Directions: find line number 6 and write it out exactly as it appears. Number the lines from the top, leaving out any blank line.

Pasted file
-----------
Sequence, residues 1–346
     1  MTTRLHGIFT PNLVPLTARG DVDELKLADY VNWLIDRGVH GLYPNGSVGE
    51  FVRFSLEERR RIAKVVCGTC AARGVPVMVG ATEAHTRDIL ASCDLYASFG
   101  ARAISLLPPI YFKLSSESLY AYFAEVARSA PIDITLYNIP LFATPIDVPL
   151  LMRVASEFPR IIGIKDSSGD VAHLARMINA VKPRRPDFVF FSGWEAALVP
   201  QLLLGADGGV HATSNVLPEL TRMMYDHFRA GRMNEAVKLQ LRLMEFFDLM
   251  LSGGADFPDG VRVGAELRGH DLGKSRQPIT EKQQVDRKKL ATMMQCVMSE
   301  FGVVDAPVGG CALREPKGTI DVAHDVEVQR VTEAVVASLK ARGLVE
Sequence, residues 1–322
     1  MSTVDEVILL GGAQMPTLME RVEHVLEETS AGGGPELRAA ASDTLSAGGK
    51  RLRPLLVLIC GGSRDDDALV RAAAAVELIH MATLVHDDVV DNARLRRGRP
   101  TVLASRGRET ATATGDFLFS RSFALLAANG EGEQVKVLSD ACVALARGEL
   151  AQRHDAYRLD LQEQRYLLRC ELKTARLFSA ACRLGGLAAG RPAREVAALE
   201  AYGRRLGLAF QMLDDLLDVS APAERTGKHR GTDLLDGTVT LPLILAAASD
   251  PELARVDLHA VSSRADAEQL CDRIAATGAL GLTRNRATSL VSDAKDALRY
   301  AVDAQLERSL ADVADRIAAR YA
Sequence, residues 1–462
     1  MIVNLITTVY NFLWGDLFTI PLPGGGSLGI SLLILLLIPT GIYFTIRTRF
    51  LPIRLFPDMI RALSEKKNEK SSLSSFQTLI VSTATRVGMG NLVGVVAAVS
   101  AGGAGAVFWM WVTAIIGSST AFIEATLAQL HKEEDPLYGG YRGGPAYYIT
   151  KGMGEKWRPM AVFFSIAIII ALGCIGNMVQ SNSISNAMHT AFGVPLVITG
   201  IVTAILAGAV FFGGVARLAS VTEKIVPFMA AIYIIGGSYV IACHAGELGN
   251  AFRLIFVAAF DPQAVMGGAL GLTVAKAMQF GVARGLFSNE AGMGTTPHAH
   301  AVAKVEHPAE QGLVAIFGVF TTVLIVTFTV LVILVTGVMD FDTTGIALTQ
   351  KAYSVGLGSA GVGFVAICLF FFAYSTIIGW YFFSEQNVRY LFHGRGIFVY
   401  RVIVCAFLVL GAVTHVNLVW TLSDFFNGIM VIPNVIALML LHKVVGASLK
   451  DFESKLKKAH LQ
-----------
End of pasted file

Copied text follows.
   201  QLLLGADGGV HATSNVLPEL TRMMYDHFRA GRMNEAVKLQ LRLMEFFDLM